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By the end of this section, you will be able to:
  • Define genomics
  • Describe genetic and physical maps
  • Describe genomic mapping methods

Genomics is the study of entire genomes, including the complete set of genes, their nucleotide sequence and organization, and their interactions within a species and with other species. Genome mapping is the process of finding the locations of genes on each chromosome. The maps created by genome mapping are comparable to the maps that we use to navigate streets. A genetic map    is an illustration that lists genes and their location on a chromosome. Genetic maps provide the big picture (similar to a map of interstate highways) and use genetic markers (similar to landmarks). A genetic marker    is a gene or sequence on a chromosome that co-segregates (shows genetic linkage) with a specific trait. Early geneticists called this linkage analysis. Physical maps present the intimate details of smaller regions of the chromosomes (similar to a detailed road map). A physical map    is a representation of the physical distance, in nucleotides, between genes or genetic markers. Both genetic linkage maps and physical maps are required to build a complete picture of the genome. Having a complete map of the genome makes it easier for researchers to study individual genes. Human genome maps help researchers in their efforts to identify human disease-causing genes related to illnesses like cancer, heart disease, and cystic fibrosis. Genome mapping can be used in a variety of other applications, such as using live microbes to clean up pollutants or even prevent pollution. Research involving plant genome mapping may lead to producing higher crop yields or developing plants that better adapt to climate change.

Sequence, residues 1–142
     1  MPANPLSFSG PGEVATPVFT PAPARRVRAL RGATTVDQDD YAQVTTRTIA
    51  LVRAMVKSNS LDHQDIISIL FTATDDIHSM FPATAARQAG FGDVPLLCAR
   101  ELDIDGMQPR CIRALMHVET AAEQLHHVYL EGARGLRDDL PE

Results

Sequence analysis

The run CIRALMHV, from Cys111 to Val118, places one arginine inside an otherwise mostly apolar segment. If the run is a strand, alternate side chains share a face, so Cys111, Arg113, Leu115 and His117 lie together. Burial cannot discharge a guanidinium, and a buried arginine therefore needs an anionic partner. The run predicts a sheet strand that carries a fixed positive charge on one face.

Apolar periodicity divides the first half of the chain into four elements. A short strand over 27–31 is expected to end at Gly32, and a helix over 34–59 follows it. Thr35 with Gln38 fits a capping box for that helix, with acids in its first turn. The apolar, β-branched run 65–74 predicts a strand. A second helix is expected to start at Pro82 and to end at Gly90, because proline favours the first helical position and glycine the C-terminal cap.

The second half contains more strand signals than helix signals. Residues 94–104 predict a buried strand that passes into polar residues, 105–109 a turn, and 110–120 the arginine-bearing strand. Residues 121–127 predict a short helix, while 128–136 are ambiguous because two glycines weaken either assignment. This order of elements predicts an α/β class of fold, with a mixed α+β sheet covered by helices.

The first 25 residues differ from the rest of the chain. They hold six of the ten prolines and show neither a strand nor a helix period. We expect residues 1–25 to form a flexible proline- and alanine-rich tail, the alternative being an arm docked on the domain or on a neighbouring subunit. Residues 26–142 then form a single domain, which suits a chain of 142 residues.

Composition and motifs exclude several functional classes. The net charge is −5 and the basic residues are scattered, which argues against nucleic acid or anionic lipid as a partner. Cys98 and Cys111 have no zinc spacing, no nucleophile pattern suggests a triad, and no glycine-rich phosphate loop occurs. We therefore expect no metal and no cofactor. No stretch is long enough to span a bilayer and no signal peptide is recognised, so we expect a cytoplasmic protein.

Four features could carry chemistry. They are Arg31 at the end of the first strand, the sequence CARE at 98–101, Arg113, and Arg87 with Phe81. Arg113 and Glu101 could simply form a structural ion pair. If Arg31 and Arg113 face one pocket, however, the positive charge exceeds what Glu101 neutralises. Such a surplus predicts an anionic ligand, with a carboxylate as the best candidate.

Genetic maps

The study of genetic maps begins with linkage analysis    , a procedure that analyzes the recombination frequency between genes to determine if they are linked or show independent assortment. The term linkage was used before the discovery of DNA. Early geneticists relied on the observation of phenotypic changes to understand the genotype of an organism. Shortly after Gregor Mendel (the father of modern genetics) proposed that traits were determined by what are now known as genes, other researchers observed that different traits were often inherited together, and thereby deduced that the genes were physically linked by being located on the same chromosome. The mapping of genes relative to each other based on linkage analysis led to the development of the first genetic maps.